I believe in relativity, which I define as the realm of comparison of individual perspectives. We all have a personal universe of our own tastes and personal needs that satisfy our particular nervous system. To the extent that the satisfaction of such tastes does not violate the space of others, and does not violate the Absolute Law/Way of God, then that personal taste, and relative perspective is harmless and actually should be celebrated and enjoyed as an expression of our individuality. The personal perspective is a gift of God and it is wonderful. The absolute frame is the perspective of God, the way of God is the standard of Absolute goodness, and in it is the maximal joy possible in this world.
The psychopath or sociopath could be defined in these terms as living in the ultimately relativistic world, the world where his perspective was totally consuming. As such, he would be unaware of the perspective or standards of the actual Absolute reality, or the feelings, needs, and desires of others in his world.
This is a novel perspective, to define the psychopath and sociopath in terms of relativism has been taken to its furthest extreme. Clearly great evil can be committed without conscience by the person who is lost inside of his own imperfect world to such a degree that he believes his thoughts, feelings, standards and desires are universally good and true, and should be imposed upon the rest of the world.
The person who is unable to place himself in the world and feelings of others will not have the negative feedback associated with creating pain in another person’s life. If a man believes the other person is wrong, and that he has a right to correct them and impose his absolute perspective upon them, this can be dangerous.
There are several perspectives that could generate the extreme case of the relative, self centered perspective: 1) If there actually is no external world, other than my personal perception. This is the extreme expression and implication of the philosophers such as Bishop Berkeley where nothing is provably existent other than my own mind. 2) If there was a concept that the personal world was superior to all other perspectives, or 3) If the personal perspective was identical with the Absolute perspective.
Of course, none of us in polite society believes we fall into such extreme cases of myopia with regard to the needs and perspectives of others. And few are deluded enough to believe they know God’s perspective without error.
Still, we must wrestle with the more practical considerations of daily interactions and personal temptation. We must somehow put into context the existence of evil in its minor versions, such as mentioned above, the polite sins of pride, over-consumption, resentment (un-forgiveness), lustful gazes, gossip, intoxication, petty theft, sins of omission, errors of perfect balance, and white lies.
The reason that we are caught by the temptations of even these mild forms of evil may be as simple as unmoderated desire. And, the reason for our lack of moderation may be an excessive relativism, a myopic view of the the sequence of events, a self centered perspective regarding pleasure, and a generally non-introspective perspective about the forces acting on me, and the effect of the forces I generated.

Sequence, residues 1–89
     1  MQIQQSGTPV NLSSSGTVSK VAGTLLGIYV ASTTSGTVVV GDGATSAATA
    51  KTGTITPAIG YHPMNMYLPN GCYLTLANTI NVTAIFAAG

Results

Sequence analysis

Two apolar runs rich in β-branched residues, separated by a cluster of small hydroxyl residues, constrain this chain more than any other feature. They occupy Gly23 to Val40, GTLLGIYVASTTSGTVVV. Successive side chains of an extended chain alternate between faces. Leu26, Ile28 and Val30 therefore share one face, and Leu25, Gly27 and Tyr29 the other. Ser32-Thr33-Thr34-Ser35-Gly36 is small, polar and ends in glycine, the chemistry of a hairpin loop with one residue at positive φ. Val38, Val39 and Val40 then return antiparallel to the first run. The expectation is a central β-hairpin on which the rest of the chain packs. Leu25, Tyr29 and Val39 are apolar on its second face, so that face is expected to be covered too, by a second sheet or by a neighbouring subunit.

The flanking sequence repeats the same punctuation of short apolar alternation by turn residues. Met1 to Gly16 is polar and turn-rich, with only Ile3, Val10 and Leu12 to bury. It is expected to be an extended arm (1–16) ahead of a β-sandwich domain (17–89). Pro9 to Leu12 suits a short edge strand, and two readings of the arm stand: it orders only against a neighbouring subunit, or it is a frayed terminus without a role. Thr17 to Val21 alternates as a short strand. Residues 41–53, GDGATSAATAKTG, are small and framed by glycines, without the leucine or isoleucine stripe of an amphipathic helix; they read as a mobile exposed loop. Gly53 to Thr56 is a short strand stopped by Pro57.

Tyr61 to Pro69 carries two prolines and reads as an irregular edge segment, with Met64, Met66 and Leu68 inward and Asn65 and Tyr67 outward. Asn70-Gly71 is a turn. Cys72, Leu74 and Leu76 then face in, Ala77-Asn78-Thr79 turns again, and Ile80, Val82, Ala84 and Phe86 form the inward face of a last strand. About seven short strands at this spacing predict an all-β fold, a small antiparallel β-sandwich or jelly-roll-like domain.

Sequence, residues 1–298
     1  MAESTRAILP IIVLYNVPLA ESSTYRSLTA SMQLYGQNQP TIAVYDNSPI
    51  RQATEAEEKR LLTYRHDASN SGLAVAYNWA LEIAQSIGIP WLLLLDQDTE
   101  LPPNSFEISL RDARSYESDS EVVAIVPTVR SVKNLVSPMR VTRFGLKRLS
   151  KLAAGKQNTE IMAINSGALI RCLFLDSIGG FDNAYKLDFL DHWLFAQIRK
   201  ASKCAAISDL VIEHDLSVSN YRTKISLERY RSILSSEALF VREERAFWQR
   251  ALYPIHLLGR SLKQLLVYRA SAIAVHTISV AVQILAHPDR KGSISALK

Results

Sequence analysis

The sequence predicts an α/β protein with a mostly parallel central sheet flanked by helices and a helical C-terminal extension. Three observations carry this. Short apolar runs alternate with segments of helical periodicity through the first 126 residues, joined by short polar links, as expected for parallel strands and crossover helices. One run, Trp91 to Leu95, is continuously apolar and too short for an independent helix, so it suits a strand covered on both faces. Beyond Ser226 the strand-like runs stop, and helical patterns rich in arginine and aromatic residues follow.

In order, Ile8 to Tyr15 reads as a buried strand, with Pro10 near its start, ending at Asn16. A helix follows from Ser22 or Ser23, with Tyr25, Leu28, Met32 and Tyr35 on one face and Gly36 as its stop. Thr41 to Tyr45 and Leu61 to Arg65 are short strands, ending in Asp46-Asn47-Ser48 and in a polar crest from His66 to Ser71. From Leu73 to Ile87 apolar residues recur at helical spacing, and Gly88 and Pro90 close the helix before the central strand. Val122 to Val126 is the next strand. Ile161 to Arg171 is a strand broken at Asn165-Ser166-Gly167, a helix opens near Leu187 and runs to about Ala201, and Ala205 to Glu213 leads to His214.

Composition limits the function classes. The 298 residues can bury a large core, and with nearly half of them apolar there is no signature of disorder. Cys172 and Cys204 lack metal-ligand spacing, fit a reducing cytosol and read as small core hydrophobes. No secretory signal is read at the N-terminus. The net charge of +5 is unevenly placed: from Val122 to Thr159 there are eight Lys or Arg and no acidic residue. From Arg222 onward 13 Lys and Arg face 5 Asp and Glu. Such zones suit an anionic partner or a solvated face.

If we could perfectly see the Absolute perspective, and the perspective of others, we would submit to the Absolute, and make reasonable accommodation for the personal needs of others.
From the perspective of logic, it is interesting to note that all polarities bend back to become their polar opposite if taken to the extreme. (Note: discussion of entropy, order and disorder, could be inserted here as an object lesson).
With a perfected introspection, a perfected view of the relative perspective, and a perfected perspective of the Absolute, the individual would be in the position to make an accurate judgment of their own flaws, and choose to moderate their passions.
If a person actually had the Absolute perspective, God’s viewpoint, and acted upon it, then they would be the personification of goodness, since the Absolute perspective is absolute goodness.
The individual perspective, taken as Absolute, can be a deluded perspective, or it may be accurate. The individual who declares his perspective is that of God may be a saint or a psychopath. It is a fine line between holding an accurate view of Absolute reality, and being possessed by a deluded view of the Absolute. The distinction is small, but the difference in character is vastly different.
Yes, I am comfortable with the notion that evil exists. However, I find that considerations of absolute and relative are irrelevant to my understanding and possibly to Scott Peck’s understanding too, although he should speak to that issue himself.
His intent was to say that such a condition exists and it can and should be studied with an understanding that reaches beyond and adds to what has already been covered by the moralistic and religious view.
Why study evil and possibly treat it? Because evil causes suffering, not always within the life of the person living it, but most certainly in the lives of its victims. Psychology had already defined the categories of sociopath and psychopath, so he pursued the definition of human evil as an identifiable condition with its own unique characteristics compared to the categories of sociopath and psychopath.
Examples of your beliefs that differ from all other people that I associate with include your extreme interest in the Absolute and being right to name a few. All I really can say for sure is that according to my observation, nobody else that I know talks about these things in the way you do. I do not associate with pacifists and fence sitters. But other than you, I do not associate with extremists either.